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Hip Dislocation vs. Hip Sprain: How to Tell the Difference

Hip injuries can be serious, so trust the experts at Princeton Sports and Family Medicine, P.C. in Lawrenceville, New Jersey who specialize in sports medicine and treating hip pain

Let’s look at what occurs during a dislocation compared to a sprain so you know what to expect from treatment and aftercare perspectives. 

Hip sprain

A sprain affects ligaments — the tough and flexible connective tissues that join bones together in joints to provide stability through movements. When the injury occurs, a ligament is stretched beyond its limit, compromising its ability to hold the joint together. 

When you have a hip sprain, you’ll feel pain in the area around the injured ligament. There may also be stiffness, tenderness, and muscle spasms. You could also see bruising in the area. Your hip muscles might seem weaker.  

A hip strain can also produce these symptoms. This similar injury occurs when muscle tissue is torn due to trauma. 

Hip dislocation

The hip is a ball-and-socket joint. The upper bone of the leg pops out of its socket at the time of injury.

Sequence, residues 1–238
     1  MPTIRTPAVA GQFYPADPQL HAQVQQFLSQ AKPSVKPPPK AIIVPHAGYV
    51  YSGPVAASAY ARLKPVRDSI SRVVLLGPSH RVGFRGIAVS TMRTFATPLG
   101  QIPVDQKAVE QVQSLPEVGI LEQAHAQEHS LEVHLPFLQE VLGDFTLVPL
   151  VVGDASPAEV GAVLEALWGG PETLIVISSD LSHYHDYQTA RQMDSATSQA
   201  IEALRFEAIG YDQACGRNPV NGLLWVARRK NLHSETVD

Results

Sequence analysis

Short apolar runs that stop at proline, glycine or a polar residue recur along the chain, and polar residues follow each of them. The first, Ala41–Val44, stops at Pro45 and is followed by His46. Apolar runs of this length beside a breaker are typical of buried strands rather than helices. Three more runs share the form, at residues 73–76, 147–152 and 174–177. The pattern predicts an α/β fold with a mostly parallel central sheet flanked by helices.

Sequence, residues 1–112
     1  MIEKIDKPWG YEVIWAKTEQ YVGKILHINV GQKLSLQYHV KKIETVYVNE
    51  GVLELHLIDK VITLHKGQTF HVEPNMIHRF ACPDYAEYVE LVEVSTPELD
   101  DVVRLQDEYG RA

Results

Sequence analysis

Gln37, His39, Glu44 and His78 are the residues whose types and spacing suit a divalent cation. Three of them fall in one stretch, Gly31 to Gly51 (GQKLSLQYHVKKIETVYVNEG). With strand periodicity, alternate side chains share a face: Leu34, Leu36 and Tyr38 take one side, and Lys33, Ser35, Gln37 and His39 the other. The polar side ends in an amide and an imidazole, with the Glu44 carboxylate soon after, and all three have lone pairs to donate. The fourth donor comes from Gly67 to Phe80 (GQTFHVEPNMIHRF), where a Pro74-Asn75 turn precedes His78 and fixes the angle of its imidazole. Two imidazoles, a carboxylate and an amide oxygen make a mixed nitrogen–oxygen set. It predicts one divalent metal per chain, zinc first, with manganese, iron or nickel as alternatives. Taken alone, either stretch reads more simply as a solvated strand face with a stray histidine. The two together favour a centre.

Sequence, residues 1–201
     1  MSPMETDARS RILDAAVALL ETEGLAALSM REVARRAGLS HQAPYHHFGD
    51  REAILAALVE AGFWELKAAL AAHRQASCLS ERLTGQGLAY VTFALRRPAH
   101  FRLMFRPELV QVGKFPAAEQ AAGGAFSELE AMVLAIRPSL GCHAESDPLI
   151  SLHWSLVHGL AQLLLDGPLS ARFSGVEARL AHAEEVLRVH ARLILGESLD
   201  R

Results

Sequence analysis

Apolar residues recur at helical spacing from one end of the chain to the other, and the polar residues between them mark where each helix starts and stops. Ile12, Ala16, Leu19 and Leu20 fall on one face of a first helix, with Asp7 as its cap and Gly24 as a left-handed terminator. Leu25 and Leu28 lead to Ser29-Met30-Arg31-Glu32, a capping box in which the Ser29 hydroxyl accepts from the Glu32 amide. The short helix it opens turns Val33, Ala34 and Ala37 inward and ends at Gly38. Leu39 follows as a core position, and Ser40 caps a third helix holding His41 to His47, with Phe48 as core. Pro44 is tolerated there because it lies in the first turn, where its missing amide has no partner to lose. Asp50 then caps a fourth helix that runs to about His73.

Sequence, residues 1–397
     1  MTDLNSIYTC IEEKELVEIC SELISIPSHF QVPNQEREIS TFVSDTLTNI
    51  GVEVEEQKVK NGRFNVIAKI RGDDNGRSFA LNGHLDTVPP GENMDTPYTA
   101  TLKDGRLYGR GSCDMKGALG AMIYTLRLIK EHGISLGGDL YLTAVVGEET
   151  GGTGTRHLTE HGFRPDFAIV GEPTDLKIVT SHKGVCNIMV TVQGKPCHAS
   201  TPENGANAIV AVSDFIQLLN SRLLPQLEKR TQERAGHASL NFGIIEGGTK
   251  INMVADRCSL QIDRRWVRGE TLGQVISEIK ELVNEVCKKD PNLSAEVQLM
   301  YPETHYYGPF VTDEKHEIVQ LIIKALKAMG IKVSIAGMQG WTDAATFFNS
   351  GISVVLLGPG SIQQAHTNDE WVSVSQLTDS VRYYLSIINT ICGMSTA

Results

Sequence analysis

Hip dislocations can be complete or partial and mild or severe. The most apparent symptom of dislocation is severe pain, along with visible changes in hip and leg alignment. 

You may be unable to move or bear weight on that leg. You might lose feeling in the leg and foot if nerves are affected. Bruising and swelling are also common. 

How to tell the difference between dislocation and sprain

The hip is one of the most stable joints in the body, and it’s very difficult to dislocate. When the initial injury occurs, tears or strains can affect surrounding soft tissue, including blood vessels, nerves, muscles, and ligaments. 

Without prompt treatment, a hip dislocation can lead to lingering complications because of the associated soft tissue damage. 

Alternatively, all but the most severe hip sprains usually respond well to conservative and nonsurgical treatments, including rest, ice, compression, and elevation (RICE method), and physical therapy. 

If your hip hurts, consult with the experts at Princeton Sports and Family Medicine, P.C. Contact our office by phone or online to request an appointment today.

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